Rest and recovery
Everyone looks forward to a summer holiday. That feeling when you shut down your computer in work, knowing that for one or two glorious weeks you won’t need to worry about those emails or the traffic on the way to work. You go away, relax and unwind and come back refreshed and raring to go. You need that break from the routine, from the stresses of everyday life and a chance to try new things. Having a break is something that is instilled from a young age- schools are based on terms and have regular breaks to ensure learning and education is maximised. It seems rather odd therefore, that the same principle isn’t applied by some to rest from training. Yes that’s right- the dreaded R word…. and not by force. I mean actually CHOOSING to rest. The thought of this can actually send people mad. Surely I cannot rest? I will lose all my fitness! Two weeks? No way…..
But, having a rest period should be an important part of your training programme. In the summer months we often race and train more than in the winter months thanks to the longer nights and earlier mornings. We spend weeks and weeks building up to events, competing, and then carrying on without a pause for breath. You can of course continue like this for a while, but eventually you either get; a) really tired and can’t understand why you aren’t training like you were a few weeks ago or b) fed up of the constant training which affects your mental ability to focus.
Most professional athletes will have at least a 2 week break at the end of the summer season and again after winter. Whilst you may argue that they train more and do this for a living, on the other hand most of us work a full time job, juggle family and parent hood AND find the time to train in-between. Surely this is just as deserving of a break?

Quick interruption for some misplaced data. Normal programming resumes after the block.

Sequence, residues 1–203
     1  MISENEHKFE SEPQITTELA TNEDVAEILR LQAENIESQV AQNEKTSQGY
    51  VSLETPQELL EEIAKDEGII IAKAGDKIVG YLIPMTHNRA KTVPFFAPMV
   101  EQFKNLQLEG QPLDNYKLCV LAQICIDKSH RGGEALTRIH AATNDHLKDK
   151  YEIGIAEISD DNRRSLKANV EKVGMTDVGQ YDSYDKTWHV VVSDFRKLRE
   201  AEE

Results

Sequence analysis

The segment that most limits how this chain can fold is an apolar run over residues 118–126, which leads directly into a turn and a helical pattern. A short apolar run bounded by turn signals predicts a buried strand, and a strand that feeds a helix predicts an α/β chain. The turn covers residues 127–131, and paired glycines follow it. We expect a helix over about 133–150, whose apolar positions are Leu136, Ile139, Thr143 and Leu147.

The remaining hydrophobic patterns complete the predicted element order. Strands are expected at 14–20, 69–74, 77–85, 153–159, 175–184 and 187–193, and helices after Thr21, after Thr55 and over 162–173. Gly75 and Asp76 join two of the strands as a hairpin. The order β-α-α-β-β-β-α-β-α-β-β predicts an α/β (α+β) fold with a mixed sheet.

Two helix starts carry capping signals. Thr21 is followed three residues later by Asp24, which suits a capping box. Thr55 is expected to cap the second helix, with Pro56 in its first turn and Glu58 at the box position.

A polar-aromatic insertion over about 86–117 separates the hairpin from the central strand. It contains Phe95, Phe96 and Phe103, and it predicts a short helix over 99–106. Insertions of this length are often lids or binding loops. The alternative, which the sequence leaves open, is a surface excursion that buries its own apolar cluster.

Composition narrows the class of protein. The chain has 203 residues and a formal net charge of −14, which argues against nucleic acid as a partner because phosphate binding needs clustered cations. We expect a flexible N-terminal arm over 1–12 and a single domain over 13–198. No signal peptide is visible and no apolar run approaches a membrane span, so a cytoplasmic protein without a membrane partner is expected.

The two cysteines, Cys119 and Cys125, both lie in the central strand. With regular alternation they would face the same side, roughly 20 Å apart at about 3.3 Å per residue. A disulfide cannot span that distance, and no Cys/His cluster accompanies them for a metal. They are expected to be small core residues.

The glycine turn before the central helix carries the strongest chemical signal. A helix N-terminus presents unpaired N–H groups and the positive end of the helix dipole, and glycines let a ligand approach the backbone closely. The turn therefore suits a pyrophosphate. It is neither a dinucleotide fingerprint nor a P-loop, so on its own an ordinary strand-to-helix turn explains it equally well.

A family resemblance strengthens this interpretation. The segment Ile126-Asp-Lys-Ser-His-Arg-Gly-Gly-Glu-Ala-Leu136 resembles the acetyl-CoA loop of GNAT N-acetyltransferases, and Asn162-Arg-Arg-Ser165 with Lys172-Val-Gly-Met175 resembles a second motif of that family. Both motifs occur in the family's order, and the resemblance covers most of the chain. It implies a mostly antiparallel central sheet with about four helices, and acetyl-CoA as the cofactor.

Some points to consider about having a short rest.
- You won’t lose any fitness. Pretty sure it’s scientifically impossible to lose any aerobic fitness in just two weeks.
- Wouldn’t it be nice to have a fortnight where you don’t worry about training or rushing to fit in a session….
- And also be able to say “yes” to seeing friends or going out rather than “I’m training tonight….”
- You will definitely come back raring to go after a 2 week break
- Having a rest doesn’t mean you become a slob for two weeks. It just means you aren’t consciously training. So try swimming, or a short bike ride with the family or walk more. Do something to break up the routine.
- Having a longer rest period than just a few days allows the body sufficient time to repair the damage caused by training and competition- just imagine how much you have been doing over the last few months! This makes you stronger in the future.
- If you have been training for something that has been quite difficult, a rest period will enable your mind to relax and return to normal. Marathons and other events can be very psychologically demanding and the impact of this shouldn’t be underestimated.
So on day 1 of my rest period today, I decided to go shopping after work and leisurely went home knowing that I didn’t have to rush. I walked past my trainers in the full knowledge that I deserve a break and my body will thank me for it later on in the winter season. And to be honest it felt pretty good!! Give it a go and you may surprise yourself.